Found Art! Enter to win in the “Gerryvision 2011” Drawing Contest

Those who would criticize American art as sterile and commercialized have obviously not familiarized themselves with the art of Congressional district boundary drawing which, like certain kinds of locust, flourishes once every decade (sometimes more often in Texas), feeding on census data and political desire.  And this year local Michigan artists have done their state proud with some remarkable work.  The beauty of these creations is often lost in a jumble of shapes and colors when they appear together on the same page:

And so I would like to take this opportunity to present them as separate designs, each beautiful in its own right.  Ladies and gentlemen, the 9th, 11th, 13th and 14th Congressional districts of the state of Michigan:

Draw your own and win!

These shapes are not only remarkable for their raw beauty and complexity but also for the way in which they are open to interpretation.  Indeed perhaps the most exciting part of this American artistic tradition is the degree to which it  invites viewer participation.  And just as commentators compared one of Massachusetts Governor Elbridge Gerry’s 1812 districts as a “salamander” and drew a famous cartoon to illustrate, so all Americans are entitled to offer words and pictures to describe their new districts, so I ask all Pozorblog readers to do the same.   Take District 14 for example.  Look at it from all sides:

Is it a frog?  a giraffe riding a motorcycle? Elvis?  You decide and then send it here so that it can be posted for the world to see.  And if you do it soon, there’s something in it for you (in a sense):

Gerryvision 2011

The process is simple:

  1. Download one or all of the maps below in pdf or jpg format
  2. Look at it long and hard, rotate it, squint at it or do anything else that will help you to divine its true shape.
  3. Mark up the graphic to show what you have in mind.  Feel free to print it out and draw on it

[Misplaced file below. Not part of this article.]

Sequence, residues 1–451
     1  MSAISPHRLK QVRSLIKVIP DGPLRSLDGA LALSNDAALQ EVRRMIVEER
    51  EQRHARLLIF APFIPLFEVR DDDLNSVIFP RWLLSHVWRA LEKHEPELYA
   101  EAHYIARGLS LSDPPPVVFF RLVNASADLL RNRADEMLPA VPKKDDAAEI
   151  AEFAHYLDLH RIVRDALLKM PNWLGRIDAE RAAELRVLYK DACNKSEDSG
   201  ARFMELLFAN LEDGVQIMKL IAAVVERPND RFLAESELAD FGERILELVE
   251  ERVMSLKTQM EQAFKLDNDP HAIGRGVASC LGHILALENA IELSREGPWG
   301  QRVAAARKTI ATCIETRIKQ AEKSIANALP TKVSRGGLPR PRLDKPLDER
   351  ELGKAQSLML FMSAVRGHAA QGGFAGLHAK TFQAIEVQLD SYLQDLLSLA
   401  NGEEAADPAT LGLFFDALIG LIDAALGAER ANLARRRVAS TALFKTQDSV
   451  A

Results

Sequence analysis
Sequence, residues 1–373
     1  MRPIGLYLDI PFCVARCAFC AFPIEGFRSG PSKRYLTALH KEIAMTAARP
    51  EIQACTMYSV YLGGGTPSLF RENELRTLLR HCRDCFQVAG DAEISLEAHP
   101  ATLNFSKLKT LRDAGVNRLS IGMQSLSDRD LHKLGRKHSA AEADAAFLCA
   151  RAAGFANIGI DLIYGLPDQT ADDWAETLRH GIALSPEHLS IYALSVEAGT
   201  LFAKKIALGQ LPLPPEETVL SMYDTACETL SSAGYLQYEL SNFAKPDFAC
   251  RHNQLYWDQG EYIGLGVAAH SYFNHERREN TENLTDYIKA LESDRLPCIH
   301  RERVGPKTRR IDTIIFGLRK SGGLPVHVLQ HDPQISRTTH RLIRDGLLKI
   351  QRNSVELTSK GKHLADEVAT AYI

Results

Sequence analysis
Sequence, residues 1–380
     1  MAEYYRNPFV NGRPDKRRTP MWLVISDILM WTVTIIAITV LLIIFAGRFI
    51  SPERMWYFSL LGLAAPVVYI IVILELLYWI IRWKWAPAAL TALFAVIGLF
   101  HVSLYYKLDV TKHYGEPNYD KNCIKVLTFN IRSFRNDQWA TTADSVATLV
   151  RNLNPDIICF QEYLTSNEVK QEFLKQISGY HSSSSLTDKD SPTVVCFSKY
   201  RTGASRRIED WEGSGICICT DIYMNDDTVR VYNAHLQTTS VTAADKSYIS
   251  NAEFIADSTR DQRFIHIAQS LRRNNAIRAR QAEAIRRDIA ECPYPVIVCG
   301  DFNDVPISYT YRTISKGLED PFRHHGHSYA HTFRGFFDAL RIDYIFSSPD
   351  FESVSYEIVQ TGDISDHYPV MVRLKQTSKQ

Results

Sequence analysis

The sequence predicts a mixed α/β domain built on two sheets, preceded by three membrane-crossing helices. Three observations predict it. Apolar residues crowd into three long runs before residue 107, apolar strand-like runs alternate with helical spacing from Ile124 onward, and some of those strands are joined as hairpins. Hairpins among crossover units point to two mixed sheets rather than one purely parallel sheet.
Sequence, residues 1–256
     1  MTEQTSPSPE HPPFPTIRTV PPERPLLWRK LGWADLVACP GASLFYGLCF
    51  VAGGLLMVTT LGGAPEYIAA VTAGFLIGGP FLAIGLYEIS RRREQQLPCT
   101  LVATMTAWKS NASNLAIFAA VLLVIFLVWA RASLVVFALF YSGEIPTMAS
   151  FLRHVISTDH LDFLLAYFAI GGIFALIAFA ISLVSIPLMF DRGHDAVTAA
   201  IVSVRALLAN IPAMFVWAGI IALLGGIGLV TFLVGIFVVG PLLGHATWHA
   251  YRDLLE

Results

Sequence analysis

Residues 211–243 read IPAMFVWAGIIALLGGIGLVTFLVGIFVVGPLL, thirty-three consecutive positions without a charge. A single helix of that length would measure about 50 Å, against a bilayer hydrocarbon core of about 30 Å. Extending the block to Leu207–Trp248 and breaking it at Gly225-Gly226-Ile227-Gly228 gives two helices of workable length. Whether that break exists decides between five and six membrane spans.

4. Take a picture or scan it in and send it here: by midnight on Friday, October 21.  Submit as many as you want!

Entries will be judged by an expert jury of experts in electoral rules (i.e. the students of my PS4710 course on “Democracy”) who.  The winner will receive $10 donated in her/his name to the charity of her/his choice.

Here are the maps.  Go ahead and join the American artistic-political tradition!

Click the pictures below for graphic files or click here for a .pdf of all four
The 9th The 11th The 13th The 14th

As they used to say (and maybe still do), you can’t win if you don’t enter.

American Local News Circa 2011

Some might say that I am ill-equipped to judge local news since my experience of it news comes twice a year when my family stays at a particular hotel that insists on keeping it on during breakfast hours. But if lack of experience with politics can become the chief qualification for political candidates, then perhaps lack of experience with TV could improve the quality media analysis.

Normally, the only people to experience the full brunt of my frustration are the hotel staff–who patiently endure my annoying requests to turn off the TV and my occasional passive-aggressive manipulation of the volume button–and my family which has to listen to me complain during the breakfast hour.  This year, however, I had an insight which I feel is worthy enough to annoy the entire readership of this blog.  So quickly to the point:

During half an hour of morning news on January 2, I saw 10 stories.  There were six topics:

  1. Policemen
  2. Firemen
  3. Prisons (on fire)
  4. Airplanes (crashing)
  5. Tornadoes
  6. Football players

From this list of stories (not overwhelmingly different from those found in a rather more rigorous analysis of Chicago-area TV news by scholars at Northwestern’s Medill School of Journalism and another of Los Angeles-area TV news and newspapers by scholars at the USC Annenberg School for Communication and Journalism), I wish to formulate a hypothesis based on my own personal experience:

Local news stories are chosen by a panel of 5-year-old boys.

I do have a few doubts about this conclusion, but only because of the relative infrequency of stories about dinosaurs and superheroes, which could be caused either by the presence of some non-five-year-olds on the panel, or by the relative absence on that day of good video footage involving dinosaurs or superheroes.

It is also worthwhile considering an alternative view, which begins from the premise that all of the stories except those about football players involved bad/sad things that are unlikely to happen to most viewers.  From this it is possible to formulate an alternative hypothesis:

Local news stories are chosen on the basis of schadenfreude.

Readers might point out that these two hypotheses are not necessarily inconsistent, and I’m afraid they would be right: while most non-German five-year-old boys might have a difficult time pronouncing “schadenfreude my personal experience suggests that five-year-olds are not immune to feelings of satisfaction at the misfortunes of others (especially if the other person is a seven-year-old sibling).